More Money Lessons For A Lifetime
The Save, Spend, Share Jars are just the beginning. There are many other ways to teach your child about money. If you can make learning about money a regular part of your child’s life, it will reward both of you in the future — exactly like a smart investment.
Toddlers And Preschoolers:
- Give an allowance. You can start giving your child an allowance when they enter school, or even earlier. It doesn’t have to be a large sum of money. The role of an allowance at an early age is just to get your child used to have money.
- Role play. During playtime, pretend you are at a restaurant and make sure to role play paying the bill as well. You can also do pretend grocery shopping, or sit them on your lap and go online shopping together.
- Budgeting 101. As your child enters primary school, you may want to give your child’s allowance in a weekly lump sum — even monthly if you think they can handle it. This will teach your child to budget. And if your child spends it all in one day, be strong and don’t bail them out!
- Open a bank account. The Asia Money Parenting survey revealed that 48% of parents have opened savings accounts for their children. This is a simple way of teaching your child how to grow their money in the early years of their life.
- Set goals. Nothing will inspire your child to save more than a personal goal of their own. Just be sure the goal is realistic. If your child’s goal is a little expensive, try an incentive scheme, like matching them dollar for dollar — a simple method of teaching them that saving money makes more money.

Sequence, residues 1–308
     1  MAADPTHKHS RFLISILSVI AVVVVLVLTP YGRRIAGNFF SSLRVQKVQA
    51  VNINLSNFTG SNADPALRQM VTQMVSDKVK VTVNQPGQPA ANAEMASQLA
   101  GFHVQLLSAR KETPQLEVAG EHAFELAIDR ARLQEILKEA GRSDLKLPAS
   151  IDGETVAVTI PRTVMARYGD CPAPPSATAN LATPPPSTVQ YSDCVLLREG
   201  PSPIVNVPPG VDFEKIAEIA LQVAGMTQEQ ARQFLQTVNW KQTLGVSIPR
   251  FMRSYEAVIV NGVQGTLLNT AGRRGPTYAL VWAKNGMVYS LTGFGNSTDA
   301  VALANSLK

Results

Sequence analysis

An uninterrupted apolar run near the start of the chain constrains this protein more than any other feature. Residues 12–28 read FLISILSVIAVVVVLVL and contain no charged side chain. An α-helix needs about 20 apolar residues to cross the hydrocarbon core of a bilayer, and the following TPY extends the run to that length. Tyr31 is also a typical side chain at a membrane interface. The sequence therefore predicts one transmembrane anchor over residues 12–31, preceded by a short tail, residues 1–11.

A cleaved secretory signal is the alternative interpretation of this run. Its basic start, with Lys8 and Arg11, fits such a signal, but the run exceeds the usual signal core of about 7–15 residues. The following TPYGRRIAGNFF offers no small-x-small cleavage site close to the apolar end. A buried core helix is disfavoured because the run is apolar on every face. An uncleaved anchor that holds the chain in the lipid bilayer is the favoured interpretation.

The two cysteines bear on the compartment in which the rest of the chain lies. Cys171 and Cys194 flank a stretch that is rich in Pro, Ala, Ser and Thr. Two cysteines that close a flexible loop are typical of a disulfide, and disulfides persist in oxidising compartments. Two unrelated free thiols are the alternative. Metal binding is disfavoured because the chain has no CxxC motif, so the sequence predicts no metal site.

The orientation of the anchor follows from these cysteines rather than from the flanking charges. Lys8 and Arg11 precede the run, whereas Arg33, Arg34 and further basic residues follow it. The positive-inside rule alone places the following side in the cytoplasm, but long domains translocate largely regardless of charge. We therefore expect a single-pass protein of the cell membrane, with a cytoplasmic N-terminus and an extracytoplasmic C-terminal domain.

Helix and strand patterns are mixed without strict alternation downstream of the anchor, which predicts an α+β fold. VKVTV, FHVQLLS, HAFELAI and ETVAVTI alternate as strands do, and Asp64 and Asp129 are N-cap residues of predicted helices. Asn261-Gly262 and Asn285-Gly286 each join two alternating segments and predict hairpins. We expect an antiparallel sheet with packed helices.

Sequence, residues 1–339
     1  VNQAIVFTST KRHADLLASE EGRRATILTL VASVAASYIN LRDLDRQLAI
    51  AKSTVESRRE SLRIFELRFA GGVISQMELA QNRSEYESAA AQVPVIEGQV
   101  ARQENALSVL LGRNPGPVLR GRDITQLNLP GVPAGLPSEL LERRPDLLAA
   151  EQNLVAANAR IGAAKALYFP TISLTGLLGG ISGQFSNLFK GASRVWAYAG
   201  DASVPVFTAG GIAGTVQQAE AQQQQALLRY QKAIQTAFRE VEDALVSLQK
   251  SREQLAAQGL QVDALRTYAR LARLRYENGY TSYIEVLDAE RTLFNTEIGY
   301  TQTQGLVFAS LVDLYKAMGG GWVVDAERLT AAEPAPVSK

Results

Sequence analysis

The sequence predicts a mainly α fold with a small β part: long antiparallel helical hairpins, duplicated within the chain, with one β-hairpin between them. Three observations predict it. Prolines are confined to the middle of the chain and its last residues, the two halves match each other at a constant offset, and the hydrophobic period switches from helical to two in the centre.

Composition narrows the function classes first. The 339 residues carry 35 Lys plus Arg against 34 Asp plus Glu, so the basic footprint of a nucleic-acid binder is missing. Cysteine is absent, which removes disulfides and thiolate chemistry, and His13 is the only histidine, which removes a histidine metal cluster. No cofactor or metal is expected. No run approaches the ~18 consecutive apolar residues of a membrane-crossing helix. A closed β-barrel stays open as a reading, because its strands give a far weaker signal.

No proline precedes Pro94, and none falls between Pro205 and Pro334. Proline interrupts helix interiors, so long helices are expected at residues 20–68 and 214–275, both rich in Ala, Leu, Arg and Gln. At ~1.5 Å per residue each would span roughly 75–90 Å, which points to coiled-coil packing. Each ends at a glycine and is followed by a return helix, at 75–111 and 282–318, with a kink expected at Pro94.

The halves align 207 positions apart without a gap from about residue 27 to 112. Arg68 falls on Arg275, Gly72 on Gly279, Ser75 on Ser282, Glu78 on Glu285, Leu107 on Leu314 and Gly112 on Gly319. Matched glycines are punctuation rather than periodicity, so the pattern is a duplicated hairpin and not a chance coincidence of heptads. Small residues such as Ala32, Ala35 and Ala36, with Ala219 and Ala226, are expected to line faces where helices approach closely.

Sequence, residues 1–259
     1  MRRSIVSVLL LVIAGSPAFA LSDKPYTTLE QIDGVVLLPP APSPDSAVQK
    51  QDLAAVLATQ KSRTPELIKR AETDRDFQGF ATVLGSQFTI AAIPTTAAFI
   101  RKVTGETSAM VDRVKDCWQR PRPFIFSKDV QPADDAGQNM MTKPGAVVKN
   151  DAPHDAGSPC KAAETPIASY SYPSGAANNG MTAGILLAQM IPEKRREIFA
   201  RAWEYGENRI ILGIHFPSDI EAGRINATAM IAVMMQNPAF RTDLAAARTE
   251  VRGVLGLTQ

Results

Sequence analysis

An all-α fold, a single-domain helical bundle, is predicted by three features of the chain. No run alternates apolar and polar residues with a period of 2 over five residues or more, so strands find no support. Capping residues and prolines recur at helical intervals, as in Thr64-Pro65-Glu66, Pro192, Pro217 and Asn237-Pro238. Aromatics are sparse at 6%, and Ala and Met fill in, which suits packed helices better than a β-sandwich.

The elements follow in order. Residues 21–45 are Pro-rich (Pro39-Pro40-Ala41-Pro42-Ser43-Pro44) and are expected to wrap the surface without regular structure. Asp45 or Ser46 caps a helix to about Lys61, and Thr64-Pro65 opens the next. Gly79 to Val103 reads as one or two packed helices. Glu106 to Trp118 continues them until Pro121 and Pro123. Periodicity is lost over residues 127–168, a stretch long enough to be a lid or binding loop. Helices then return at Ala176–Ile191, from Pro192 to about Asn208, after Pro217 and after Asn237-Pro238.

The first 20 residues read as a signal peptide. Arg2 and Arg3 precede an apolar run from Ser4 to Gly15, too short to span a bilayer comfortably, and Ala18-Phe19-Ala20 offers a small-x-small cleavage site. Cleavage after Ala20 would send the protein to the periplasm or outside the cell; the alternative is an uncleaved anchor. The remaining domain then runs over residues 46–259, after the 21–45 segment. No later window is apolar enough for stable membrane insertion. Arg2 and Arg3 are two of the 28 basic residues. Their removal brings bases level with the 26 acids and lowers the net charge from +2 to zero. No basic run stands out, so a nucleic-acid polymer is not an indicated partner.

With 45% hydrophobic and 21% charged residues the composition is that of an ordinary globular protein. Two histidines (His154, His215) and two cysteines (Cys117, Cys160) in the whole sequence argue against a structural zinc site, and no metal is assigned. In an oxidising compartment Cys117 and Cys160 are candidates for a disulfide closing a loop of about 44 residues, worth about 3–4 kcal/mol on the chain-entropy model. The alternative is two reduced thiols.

- Monetise the chores. Teach your child the value of hard work by putting a monetary value on the chores that they do at home. This is an effective way for children to learn how to make money through experience, and 33% of Asian parents use this method.
- Level up the money talk. As your child enters their teen years, make sure your regular money talks evolve with their level of maturity. Motivate your child to save more money by teaching about the power of compounded interest. You could be the “bank”, allowing your child to leave money with you and you give back the principal with interest after a period of time.
- Encourage them to get a part-time job. The exact job doesn’t matter — they can work at a fast food restaurant, wait tables, or serve customers in retail. The idea is to teach your teen the dignity of work.
- Fake invest. “Knowing how to grow money” is a desired money parenting outcome of their children for some parents, and if you are one of them, you can teach your young adult to invest in stocks by doing a dry run first. Have them invest on paper, putting fictional money in actual stocks. Keep track of the performance of their portfolio and reward them when they do well. And when they’re ready, invest for real, starting with small amounts.
Money lessons can begin at an early age and should evolve with your child’s level of maturity. Through your constant tutelage, your child can learn how to better manage money, and be more prepared for adult life.